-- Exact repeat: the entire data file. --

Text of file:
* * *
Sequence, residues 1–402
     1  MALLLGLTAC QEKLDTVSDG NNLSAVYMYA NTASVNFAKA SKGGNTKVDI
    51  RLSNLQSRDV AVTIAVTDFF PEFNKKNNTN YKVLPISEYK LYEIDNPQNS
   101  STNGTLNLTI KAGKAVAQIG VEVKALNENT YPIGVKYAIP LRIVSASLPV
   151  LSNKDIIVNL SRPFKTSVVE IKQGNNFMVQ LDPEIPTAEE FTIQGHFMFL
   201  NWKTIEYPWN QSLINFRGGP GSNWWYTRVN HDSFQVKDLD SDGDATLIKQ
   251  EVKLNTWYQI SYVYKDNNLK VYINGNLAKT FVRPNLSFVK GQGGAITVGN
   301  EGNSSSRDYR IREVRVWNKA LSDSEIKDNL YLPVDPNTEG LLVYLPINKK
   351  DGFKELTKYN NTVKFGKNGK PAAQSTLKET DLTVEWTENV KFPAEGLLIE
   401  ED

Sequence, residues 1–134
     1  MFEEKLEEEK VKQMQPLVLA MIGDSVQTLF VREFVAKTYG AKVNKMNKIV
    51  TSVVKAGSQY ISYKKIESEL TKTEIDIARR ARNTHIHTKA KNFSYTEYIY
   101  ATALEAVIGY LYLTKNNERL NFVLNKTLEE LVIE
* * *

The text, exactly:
Sequence, residues 1–402
     1  MALLLGLTAC QEKLDTVSDG NNLSAVYMYA NTASVNFAKA SKGGNTKVDI
    51  RLSNLQSRDV AVTIAVTDFF PEFNKKNNTN YKVLPISEYK LYEIDNPQNS
   101  STNGTLNLTI KAGKAVAQIG VEVKALNENT YPIGVKYAIP LRIVSASLPV
   151  LSNKDIIVNL SRPFKTSVVE IKQGNNFMVQ LDPEIPTAEE FTIQGHFMFL
   201  NWKTIEYPWN QSLINFRGGP GSNWWYTRVN HDSFQVKDLD SDGDATLIKQ
   251  EVKLNTWYQI SYVYKDNNLK VYINGNLAKT FVRPNLSFVK GQGGAITVGN
   301  EGNSSSRDYR IREVRVWNKA LSDSEIKDNL YLPVDPNTEG LLVYLPINKK
   351  DGFKELTKYN NTVKFGKNGK PAAQSTLKET DLTVEWTENV KFPAEGLLIE
   401  ED

Sequence, residues 1–134
     1  MFEEKLEEEK VKQMQPLVLA MIGDSVQTLF VREFVAKTYG AKVNKMNKIV
    51  TSVVKAGSQY ISYKKIESEL TKTEIDIARR ARNTHIHTKA KNFSYTEYIY
   101  ATALEAVIGY LYLTKNNERL NFVLNKTLEE LVIE